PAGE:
Drought-stricken inland California sees much needed rainfall

Much-needed rainfall and thunderstorms are hitting central and northern parts of California, bringing relief to places that typically see little precipitation in September. An upper-level low-pressure system, an occurrence more likely in winter, is churning off the coast of Northern California. It follows unprecedented heat across much of California at the beginning of September, when a prolonged heat wave shattered thousands of records across the West.

Summer months are usually dry across California, and the first half of September was no different, with most of California — including the cities of Sacramento, which saw an all-time high temperature of 116 degrees on Sept. 6, and nearby Davis — left dry and baking. The notable exception to the dry conditions was the heavy tropical rainfall from the remnants of Hurricane Kay in the far-southern parts of the state. In the past few days, the unusual September rainfall has fallen from Santa Barbara up through the California/Oregon border.

Driest, wettest, hottest: Sacramento’s troubling trifecta of extremes

At Davis’s University Airport, 1.7 inches of rainfall were recorded in the past 24 hours. While this type of rainfall may not be unusual in many spots in the United States, it is highly out-of-the-ordinary in the Davis area, which on average sees less than a tenth of an inch of rainfall in September.

“There’s been some minor flooding, road flooding and such in the heavier thunderstorms, and there’s been reports of minor ash flows and debris flows and burn scar areas,” Chris Hintz, a meteorologist with the National Weather Service in Sacramento, told The Washington Post .

On the subreddit for the University of California at Davis, students shared photos of the downpour and the subsequent flooding, with student swimming in a flooded-out underpass. Photos also showed minor flooding at the school’s student union building.

A photo shared by the city’s Twitter account showed minor flooding at a local underpass, with the city asking drivers to take alternate routes in and out of town.

In Sacramento, just over an inch of rain has fallen in the last three days, well above the September average of just 0.09 inches of rain. From June through September, the city averages just 0.36 inches of rain a year, meaning that the city saw nearly three times its annual summer rainfall in just three days.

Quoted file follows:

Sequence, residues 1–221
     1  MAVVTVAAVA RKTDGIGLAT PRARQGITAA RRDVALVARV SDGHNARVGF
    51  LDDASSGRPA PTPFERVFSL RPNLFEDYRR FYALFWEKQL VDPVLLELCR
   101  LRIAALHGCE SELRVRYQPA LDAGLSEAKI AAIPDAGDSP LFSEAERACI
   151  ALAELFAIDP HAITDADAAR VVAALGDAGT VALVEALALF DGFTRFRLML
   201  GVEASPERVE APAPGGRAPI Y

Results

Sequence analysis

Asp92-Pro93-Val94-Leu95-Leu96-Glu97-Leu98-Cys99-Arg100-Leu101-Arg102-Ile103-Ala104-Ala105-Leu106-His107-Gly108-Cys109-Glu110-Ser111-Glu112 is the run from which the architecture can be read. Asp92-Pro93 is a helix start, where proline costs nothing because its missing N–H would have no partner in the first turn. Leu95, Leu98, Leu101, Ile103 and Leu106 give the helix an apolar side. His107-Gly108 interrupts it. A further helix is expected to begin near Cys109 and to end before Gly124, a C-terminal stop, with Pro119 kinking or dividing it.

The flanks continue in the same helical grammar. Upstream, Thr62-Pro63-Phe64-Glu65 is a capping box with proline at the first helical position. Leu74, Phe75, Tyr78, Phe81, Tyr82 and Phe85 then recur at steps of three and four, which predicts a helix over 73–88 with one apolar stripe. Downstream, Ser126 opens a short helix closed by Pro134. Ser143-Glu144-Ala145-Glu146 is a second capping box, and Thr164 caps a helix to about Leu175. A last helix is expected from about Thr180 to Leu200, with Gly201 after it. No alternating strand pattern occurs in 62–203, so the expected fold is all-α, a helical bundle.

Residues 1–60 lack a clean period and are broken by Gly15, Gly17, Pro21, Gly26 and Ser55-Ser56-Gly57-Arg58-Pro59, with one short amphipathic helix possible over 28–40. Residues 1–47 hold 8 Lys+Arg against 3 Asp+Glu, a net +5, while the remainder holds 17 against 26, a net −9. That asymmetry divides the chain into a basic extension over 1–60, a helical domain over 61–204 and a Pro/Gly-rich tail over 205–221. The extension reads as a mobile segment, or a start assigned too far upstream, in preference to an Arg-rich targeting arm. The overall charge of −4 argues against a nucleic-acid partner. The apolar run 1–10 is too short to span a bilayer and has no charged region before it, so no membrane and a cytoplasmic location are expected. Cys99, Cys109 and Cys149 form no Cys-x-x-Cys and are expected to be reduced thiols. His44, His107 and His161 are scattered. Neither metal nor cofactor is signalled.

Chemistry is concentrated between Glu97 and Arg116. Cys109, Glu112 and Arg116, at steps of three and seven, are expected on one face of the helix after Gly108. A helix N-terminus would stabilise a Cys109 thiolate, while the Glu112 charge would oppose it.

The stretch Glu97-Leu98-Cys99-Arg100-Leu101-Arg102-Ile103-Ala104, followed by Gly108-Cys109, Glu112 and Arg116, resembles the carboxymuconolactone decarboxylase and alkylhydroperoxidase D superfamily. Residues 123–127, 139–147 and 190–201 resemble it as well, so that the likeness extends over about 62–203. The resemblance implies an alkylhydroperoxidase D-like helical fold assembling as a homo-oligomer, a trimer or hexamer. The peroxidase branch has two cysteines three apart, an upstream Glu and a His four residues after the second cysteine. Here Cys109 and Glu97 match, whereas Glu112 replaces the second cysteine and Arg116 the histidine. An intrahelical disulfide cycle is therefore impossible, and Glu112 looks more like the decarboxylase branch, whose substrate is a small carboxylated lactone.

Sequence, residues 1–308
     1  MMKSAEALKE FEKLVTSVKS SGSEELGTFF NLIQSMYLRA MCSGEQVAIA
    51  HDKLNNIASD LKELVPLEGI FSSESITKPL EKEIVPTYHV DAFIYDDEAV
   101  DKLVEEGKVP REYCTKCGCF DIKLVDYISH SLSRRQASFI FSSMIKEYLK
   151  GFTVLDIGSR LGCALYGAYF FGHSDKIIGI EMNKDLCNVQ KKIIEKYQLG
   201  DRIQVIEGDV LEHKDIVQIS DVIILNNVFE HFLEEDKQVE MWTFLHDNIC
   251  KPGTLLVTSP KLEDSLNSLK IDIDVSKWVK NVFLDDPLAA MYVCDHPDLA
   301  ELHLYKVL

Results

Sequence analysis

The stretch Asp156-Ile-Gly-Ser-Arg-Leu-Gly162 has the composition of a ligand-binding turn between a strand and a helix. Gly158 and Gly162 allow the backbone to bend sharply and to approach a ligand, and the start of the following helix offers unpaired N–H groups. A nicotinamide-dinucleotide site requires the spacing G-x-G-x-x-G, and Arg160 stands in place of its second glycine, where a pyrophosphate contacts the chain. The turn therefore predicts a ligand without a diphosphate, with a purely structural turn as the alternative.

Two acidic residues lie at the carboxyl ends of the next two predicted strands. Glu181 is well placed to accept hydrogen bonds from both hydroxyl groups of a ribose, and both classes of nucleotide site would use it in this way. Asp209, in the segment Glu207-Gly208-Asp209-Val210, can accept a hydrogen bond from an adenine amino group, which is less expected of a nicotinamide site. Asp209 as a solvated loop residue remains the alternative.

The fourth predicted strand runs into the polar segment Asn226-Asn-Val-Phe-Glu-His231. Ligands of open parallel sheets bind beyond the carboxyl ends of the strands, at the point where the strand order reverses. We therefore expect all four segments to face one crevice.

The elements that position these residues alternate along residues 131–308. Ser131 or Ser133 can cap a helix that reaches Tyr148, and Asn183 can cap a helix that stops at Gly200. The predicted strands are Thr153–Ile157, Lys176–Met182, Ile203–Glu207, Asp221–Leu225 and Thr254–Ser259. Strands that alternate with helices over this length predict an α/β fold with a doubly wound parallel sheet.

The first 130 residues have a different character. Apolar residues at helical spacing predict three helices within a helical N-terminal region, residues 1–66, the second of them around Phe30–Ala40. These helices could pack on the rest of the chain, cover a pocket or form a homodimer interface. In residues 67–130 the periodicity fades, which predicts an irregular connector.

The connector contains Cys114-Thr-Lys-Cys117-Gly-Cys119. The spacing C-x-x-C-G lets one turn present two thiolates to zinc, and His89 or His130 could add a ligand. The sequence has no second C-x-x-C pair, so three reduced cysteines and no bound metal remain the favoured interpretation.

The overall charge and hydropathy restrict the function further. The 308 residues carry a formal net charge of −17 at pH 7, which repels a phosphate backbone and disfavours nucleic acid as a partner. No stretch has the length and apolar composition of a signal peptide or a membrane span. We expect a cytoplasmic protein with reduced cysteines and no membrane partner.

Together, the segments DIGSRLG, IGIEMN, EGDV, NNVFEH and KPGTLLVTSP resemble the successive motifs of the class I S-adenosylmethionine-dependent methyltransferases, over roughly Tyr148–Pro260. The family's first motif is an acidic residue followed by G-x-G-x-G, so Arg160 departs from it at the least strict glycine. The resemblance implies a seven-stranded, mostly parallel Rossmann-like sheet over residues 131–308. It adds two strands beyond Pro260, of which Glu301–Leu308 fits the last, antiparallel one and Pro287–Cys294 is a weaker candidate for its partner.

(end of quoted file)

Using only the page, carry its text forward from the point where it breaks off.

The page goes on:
The big rainfall winner was just north of Davis in Woodland, where 4.11 inches of rain were measured in the past 48 hours, according to the National Weather Service. Notable rain also fell in Central California. In San Luis Obispo, a daily rainfall record of 0.32 inches of rain was set on Sunday.

The mountains of Santa Barbara County picked up the most rain in the greater Los Angeles area, with 4.07 inches of rain recorded at Rancho San Julian. The city of Santa Maria also smashed its daily rainfall record on Monday, tallying 1.77 inches in 24 hours. The former record was just 0.16 inches, set back in 1959.

The weather pattern that has brought scattered showers and thunderstorms to the area is expected to hang on for another day or two, with the quasi-stationary large low-pressure system off the coast forecast to begin moving inland on Wednesday, Hintz said.

Flash flood watches have been hoisted for the burn scar of the Mosquito Fire — California’s largest fire of the year — which as of Tuesday morning is just 39 percent contained, having burned 76,000 acres northeast of Sacramento.

Volcano-like plumes spread above intense Northern California fire

When heavy rain falls over burn scars, ash and debris flows can sometimes be triggered, especially on steeper terrain, which can make for dangerous firefighting. The wet weather does bring some advantages for firefighters too, with chillier temperatures and high humidity both helpful in fighting the blaze.

“Fire activity has slowed down, but the firefighters have not,” the US Forest Service wrote in its Tuesday morning update. “While the rain presents a different set of challenges to the fire-suppression effort, crews continue to work, taking advantage of the lull in fire activity to secure the fire perimeter and increase containment before warm, dry weather returns.”

Unfortunately, the rainfall in the region will not be enough to make a significant dent in the severe-to-extreme drought conditions that persist throughout the state.

“This little bit is not going to make much of a difference in the overall drought picture, but the fact that we’re starting to see significant storms like this is favorable,” Hintz said.

After the low-pressure system passes through the region, the medium-to-long-range forecast for Northern California shows a return to hot and dry conditions, with the latest runs of the American (GFS) model showing the potential for several days with highs in the 90s, or even topping 100 degrees, in California’s Central Valley by late next week.